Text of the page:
As the political parties prepare for the general election in 2015, HSJ has commissioned a series of articles from party insiders to explore the reality of how policy is made. In the first column, Bill Morgan, a former special adviser to Andrew Lansley, examines the tensions within the Conservatives over health policy, and explains why all parties shy away from addressing the challenges of NHS finances
NHS divides the Tories
For decades the Conservative Party has been an uneasy alliance between “small c” conservatives and liberals.
Maintaining this has been no small feat, for each political philosophy gives rise to sometimes completely polarised policy solutions.
Liberals tend to welcome the disruption of the established order. Conservatives, by definition, seek to conserve it.
More analysis and comment ahead of the 2015 general election
An uneasy alliance
For health and Conservative Party watchers, this will be the first tension to look for over the coming year.
The conservative wing of the party will seek reassurance on health, stressing their support for incumbent NHS providers. The liberal wing will seek to challenge this order, calling for the competition that threatens them.
Bolstering each of their cases will be the second tension that plays out.
The liberals will justify their radicalism by demanding clarity about the challenges that will face the NHS in the next parliament, and how to address them – explaining that in doing so, they will have a mandate for implementing the policies once returned to government.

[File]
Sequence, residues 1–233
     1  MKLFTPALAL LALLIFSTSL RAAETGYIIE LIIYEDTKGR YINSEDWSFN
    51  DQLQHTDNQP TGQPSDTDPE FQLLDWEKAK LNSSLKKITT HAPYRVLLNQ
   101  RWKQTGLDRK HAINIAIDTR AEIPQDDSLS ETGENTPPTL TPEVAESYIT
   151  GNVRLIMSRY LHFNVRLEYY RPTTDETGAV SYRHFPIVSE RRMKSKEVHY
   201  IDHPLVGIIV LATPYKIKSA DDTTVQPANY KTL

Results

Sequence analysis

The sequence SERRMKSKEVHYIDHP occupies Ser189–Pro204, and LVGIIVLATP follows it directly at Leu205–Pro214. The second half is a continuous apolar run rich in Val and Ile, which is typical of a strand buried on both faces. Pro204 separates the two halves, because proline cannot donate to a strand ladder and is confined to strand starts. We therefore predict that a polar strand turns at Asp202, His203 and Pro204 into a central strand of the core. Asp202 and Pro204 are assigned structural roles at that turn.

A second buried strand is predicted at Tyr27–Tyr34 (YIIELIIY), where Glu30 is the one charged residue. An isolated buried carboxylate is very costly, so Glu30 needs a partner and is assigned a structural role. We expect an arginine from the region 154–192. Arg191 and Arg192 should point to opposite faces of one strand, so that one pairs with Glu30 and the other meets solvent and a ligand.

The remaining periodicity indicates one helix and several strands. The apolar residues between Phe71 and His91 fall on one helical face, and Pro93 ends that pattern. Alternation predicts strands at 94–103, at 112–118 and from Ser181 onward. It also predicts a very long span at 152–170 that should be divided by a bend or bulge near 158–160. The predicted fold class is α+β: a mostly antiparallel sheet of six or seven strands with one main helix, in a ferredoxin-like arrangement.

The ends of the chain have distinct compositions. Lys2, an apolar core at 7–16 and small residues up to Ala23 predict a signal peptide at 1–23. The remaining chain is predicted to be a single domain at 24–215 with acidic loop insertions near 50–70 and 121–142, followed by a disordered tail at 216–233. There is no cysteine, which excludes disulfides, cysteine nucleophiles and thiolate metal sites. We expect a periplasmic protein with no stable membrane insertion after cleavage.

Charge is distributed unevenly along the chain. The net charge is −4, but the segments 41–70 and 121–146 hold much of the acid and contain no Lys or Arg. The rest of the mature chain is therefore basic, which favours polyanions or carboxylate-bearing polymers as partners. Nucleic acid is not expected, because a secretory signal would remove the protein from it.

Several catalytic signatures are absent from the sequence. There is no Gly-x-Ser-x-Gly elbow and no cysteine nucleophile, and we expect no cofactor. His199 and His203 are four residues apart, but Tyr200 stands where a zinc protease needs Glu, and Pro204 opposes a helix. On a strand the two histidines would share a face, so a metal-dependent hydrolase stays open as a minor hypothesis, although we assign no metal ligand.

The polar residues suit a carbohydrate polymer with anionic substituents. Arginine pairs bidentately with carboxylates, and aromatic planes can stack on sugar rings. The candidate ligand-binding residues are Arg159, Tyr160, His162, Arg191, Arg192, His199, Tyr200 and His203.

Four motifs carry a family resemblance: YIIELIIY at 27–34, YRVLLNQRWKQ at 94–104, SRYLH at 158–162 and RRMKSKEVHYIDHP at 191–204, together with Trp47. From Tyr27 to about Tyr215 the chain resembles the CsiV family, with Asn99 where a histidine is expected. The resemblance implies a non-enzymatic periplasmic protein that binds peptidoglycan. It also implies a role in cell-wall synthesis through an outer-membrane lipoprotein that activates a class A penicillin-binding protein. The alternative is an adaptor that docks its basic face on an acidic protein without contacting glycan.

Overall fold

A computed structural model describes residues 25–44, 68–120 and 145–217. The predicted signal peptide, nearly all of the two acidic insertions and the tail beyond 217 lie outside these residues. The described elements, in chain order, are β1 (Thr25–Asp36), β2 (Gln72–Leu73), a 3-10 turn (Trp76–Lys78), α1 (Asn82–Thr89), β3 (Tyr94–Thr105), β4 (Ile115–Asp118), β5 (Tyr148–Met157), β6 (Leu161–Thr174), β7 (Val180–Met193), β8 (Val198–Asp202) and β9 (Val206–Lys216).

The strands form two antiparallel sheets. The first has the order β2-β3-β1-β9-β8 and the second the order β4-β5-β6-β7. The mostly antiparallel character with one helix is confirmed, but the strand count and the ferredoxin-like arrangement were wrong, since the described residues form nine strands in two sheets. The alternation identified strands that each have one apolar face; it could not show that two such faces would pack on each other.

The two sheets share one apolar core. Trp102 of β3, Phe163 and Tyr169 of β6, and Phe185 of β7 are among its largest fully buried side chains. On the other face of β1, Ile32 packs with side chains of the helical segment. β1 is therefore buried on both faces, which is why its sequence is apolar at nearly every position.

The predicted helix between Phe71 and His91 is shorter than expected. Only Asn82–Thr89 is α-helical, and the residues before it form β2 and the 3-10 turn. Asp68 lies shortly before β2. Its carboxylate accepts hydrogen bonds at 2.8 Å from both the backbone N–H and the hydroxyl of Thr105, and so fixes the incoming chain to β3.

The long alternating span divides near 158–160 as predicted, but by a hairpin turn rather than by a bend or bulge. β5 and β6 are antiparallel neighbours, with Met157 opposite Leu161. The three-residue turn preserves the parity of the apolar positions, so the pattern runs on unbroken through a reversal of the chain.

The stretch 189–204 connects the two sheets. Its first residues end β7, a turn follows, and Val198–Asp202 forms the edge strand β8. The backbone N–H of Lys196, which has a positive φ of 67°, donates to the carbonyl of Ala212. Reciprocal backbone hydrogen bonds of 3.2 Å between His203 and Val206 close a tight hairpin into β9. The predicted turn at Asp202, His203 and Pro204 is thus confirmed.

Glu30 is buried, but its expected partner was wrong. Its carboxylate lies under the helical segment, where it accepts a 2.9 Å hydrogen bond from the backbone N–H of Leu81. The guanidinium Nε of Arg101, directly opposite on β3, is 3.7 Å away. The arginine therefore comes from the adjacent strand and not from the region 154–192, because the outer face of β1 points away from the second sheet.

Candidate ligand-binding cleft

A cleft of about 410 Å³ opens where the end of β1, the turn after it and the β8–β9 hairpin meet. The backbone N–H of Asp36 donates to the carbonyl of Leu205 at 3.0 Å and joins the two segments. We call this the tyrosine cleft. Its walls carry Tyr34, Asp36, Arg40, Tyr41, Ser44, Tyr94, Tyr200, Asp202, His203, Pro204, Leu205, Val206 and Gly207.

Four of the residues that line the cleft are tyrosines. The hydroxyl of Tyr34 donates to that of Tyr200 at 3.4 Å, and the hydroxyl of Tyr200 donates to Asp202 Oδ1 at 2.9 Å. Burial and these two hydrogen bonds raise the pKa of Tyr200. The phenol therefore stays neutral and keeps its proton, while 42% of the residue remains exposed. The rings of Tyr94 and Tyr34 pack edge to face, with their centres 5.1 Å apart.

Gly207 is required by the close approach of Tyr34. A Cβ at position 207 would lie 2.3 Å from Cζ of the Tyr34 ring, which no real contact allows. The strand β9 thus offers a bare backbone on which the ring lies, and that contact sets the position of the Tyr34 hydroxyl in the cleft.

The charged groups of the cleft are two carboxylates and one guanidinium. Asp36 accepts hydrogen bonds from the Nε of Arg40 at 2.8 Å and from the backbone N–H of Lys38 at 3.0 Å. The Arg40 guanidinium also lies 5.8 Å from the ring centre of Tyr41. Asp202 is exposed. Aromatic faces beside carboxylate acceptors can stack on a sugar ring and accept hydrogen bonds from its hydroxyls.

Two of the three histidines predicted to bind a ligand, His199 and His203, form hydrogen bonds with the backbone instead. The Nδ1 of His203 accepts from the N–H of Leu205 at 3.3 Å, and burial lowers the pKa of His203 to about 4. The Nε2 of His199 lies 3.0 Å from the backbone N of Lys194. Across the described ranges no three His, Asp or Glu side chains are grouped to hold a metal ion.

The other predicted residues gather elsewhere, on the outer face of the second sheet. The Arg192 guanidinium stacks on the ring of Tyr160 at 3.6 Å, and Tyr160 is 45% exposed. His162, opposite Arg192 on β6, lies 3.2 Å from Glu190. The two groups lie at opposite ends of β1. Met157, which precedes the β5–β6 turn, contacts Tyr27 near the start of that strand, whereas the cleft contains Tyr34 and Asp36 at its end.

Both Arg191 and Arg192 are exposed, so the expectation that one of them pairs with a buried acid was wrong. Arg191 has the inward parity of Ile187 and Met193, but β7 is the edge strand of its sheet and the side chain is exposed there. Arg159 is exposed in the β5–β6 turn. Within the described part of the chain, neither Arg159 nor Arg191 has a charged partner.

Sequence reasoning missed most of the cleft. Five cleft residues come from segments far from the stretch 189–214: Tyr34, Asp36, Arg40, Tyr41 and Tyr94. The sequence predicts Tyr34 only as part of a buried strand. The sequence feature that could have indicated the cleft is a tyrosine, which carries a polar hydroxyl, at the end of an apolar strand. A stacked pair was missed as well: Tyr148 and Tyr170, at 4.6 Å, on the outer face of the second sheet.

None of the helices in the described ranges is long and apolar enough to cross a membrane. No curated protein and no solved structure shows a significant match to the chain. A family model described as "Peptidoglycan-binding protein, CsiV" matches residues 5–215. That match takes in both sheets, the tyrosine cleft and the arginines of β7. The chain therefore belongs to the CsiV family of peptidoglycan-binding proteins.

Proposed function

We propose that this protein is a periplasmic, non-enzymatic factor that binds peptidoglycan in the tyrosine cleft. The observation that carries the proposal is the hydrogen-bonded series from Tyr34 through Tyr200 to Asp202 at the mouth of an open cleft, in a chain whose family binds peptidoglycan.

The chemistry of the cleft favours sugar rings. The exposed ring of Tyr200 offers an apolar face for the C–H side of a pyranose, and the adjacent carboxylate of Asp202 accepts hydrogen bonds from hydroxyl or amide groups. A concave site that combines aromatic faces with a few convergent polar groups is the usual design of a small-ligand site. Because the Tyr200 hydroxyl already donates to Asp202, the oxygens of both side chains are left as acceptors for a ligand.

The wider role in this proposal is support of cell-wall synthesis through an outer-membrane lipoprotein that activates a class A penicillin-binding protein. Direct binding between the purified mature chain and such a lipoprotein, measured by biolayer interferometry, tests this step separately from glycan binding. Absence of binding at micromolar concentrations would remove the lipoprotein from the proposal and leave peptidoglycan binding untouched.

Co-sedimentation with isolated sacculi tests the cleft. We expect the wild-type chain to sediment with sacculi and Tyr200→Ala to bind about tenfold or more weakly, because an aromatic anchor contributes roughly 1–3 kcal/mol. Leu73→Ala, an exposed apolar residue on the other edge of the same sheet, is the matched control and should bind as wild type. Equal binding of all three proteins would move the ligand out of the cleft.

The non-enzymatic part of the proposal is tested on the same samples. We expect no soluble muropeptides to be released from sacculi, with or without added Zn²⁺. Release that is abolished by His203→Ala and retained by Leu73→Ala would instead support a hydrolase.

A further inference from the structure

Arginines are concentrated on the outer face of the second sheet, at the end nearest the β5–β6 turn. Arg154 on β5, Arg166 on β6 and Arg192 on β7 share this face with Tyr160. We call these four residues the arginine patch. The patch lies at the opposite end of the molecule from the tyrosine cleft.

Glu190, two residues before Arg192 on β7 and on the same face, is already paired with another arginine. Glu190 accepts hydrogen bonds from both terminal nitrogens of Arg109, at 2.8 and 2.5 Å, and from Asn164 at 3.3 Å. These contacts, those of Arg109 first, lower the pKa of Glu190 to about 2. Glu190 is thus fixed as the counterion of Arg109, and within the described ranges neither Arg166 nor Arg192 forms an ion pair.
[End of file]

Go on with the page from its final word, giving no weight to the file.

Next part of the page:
For their part the conservatives will stress they need to win the election first, and unsettling the electorate with radical plans for health is unlikely to help them over the line.
‘None of the ways to address the challenging NHS finances are easy, which is why the parties shy away from them’
I suspect political expediency will mean the latter approach will win out. This is a shame, because if the Conservatives form the next government, a clear mandate to implement policies that tackle the most challenging issue of all – NHS finances – will be needed.
Much debate is currently being held on how best to address this financial challenge; from raising taxes, further pooling health and social care budgets, to introducing charges.
None of them are easy, which is why the parties shy away from them.